To delay the drying process of the concentrate, you can try the solvents you mentioned but you might also try our additive BYKETOL®-PC which was specially developed for that. If it is the case that you are using a good wetting and dispersing additive, a hard sedimentation during storage won't be avoidable. So a rheological additive such as BYK-420 or BYK-425 has to be used when pigments with high specific gravity are in the concentrate, because all additives which are used as anti-sedimentation will influence the viscosity to a greater or lesser extent. You should therefore use only low dosage. Start with a dosage of 0.1 of BYK-420, BYK-425 on total formulation.
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I am trying to disperse Columbia's conductive carbon black Conductex 7055 (CDX-7055 ultra) in a standard organic urethane system. The particle is very small (42 nm) and the technical datasheet shows an oil absorption number of 170, so I am suffering from high viscosity and dispersion. Is there any of your additives that would suit and what is the dosage?

A deflocculating additive is normally used to stabilize carbon black pigments. In polyurethane systems, DISPERBYK-161, DISPERBYK-2001, BYK-9077 are mainly used. Start with a dosage of 15-20 additive active substance calculated on your carbon black. All of them have different solid content, which means they differ in the active substance. Because these additives deflocculate the pigment, it could be that the conductivity is reduced. We do not know because we have no facilities to do such a test. If this is so, try BYK-P 104 S, BYKUMEN® but start with a dosage of 5-10 calculated on carbon black. These additives are not especially developed for the stabilization of carbon black, but used in polyurethane as wetting and dispersing additives.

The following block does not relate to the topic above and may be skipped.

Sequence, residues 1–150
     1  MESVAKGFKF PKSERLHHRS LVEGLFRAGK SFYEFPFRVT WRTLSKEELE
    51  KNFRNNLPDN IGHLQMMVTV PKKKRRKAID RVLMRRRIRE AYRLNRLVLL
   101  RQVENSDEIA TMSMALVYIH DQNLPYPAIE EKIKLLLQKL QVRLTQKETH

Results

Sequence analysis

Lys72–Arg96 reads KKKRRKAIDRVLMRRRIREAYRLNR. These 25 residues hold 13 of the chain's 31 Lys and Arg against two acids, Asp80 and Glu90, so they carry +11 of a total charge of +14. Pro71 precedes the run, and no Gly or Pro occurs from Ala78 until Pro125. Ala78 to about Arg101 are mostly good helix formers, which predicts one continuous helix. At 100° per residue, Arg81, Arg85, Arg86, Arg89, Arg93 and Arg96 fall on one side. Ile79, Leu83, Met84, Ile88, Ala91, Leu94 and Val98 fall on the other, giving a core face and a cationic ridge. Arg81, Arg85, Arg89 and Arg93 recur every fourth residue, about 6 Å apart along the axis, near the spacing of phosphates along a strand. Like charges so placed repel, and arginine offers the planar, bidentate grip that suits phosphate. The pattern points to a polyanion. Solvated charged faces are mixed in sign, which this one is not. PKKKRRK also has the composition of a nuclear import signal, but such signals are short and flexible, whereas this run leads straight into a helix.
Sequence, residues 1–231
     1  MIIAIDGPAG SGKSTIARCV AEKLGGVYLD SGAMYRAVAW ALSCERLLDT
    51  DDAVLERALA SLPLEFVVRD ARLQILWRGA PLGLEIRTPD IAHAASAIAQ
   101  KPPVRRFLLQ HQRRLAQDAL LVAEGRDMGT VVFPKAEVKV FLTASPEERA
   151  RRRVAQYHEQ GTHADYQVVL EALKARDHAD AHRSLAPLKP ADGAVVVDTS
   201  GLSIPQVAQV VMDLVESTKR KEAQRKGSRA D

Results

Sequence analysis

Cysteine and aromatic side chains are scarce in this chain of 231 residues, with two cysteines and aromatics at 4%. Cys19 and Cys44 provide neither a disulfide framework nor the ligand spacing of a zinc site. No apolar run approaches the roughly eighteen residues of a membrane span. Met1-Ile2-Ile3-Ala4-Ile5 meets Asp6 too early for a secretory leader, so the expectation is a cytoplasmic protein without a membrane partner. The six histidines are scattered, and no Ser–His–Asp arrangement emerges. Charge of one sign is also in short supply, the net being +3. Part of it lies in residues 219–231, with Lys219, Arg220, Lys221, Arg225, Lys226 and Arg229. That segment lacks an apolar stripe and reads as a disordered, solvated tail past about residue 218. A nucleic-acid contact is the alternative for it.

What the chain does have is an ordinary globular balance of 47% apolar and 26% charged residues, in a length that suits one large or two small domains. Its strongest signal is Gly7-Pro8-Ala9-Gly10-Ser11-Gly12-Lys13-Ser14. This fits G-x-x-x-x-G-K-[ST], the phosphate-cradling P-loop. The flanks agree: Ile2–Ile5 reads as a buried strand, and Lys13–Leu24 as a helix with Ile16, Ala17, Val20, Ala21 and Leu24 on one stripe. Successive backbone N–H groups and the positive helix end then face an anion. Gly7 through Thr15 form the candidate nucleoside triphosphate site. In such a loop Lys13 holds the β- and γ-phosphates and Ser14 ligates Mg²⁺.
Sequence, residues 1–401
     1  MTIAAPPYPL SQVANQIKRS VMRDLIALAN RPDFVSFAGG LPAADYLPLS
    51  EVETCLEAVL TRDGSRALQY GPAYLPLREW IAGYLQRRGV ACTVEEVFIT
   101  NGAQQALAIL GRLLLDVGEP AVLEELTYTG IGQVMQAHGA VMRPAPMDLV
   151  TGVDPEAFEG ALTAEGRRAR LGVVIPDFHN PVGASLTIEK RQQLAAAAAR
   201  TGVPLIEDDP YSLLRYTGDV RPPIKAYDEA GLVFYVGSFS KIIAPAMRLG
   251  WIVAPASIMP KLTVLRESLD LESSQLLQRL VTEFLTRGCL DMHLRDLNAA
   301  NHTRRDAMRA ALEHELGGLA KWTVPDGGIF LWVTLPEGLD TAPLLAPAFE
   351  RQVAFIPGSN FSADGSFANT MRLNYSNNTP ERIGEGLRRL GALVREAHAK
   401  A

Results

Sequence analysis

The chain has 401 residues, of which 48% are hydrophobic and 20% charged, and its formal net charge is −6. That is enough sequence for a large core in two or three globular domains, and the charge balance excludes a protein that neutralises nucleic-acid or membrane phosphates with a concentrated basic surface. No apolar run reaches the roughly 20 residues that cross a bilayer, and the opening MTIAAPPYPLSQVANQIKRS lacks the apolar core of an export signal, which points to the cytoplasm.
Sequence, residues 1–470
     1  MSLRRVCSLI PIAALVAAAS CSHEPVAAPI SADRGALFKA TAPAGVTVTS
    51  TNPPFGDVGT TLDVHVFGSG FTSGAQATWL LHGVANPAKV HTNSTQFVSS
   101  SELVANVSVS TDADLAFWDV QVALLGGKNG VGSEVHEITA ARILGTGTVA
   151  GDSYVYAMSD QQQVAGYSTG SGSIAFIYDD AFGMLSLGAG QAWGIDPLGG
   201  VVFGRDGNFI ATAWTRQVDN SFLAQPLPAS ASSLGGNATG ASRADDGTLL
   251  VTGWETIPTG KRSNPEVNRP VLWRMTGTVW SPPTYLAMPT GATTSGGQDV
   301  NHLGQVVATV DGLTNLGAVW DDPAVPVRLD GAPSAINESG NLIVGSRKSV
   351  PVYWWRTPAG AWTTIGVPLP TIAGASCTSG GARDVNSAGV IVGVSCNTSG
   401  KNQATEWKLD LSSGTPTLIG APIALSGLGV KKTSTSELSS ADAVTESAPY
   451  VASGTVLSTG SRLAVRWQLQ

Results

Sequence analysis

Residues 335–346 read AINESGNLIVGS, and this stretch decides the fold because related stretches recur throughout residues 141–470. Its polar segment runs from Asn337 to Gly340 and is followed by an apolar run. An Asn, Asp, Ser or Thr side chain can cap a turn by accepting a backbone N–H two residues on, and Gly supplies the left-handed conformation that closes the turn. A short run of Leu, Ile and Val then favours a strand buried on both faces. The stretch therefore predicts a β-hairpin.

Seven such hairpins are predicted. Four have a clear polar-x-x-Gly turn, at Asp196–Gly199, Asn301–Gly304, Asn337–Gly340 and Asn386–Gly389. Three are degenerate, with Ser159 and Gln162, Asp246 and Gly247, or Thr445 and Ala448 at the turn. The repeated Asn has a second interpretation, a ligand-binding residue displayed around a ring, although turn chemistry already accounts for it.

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We are looking for your best dispersant recommendation for natural brown iron oxide in a long oil alkyd system. We are currently evaluating DISPERBYK-116 and 106. Are there other DISPERBYK candidates we should consider in addition to or instead of these two? Thanks for your help in advance.

In our opinion you made the right choice by testing DISPERBYK-106 and DISPERBYK-116 as wetting and dispersing additives for iron oxide pigments. Other possible candidates are DISPERBYK-108, BYK-220 S. We do not have practical lab expierence with natural brown iron oxide.
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My company is going to buy a three-roll mill to disperse various organic pigments in DINP to use in our PVC plastisol inks. What is the best dispersant to use? We currently use DISPERPLAST®-I and DISPERPLAST®-1142 in various plastisols. Would these be suitable for the pigment grinding process?

For inorganic pigment dispersions we would recommend DISPERPLAST®-I, DISPERPLAST®-1142 or DISPERPLAST®-1150. The usage depends of the desired flow behavior. For organic pigment dispersions, we would recommend DISPERPLAST®-I, DISPERPLAST®-P, or BYK-9076 or BYK-9077. The usage depends on the pigment used. BYK-9076 or BYK-9077 are mainly recommended for carbon black types.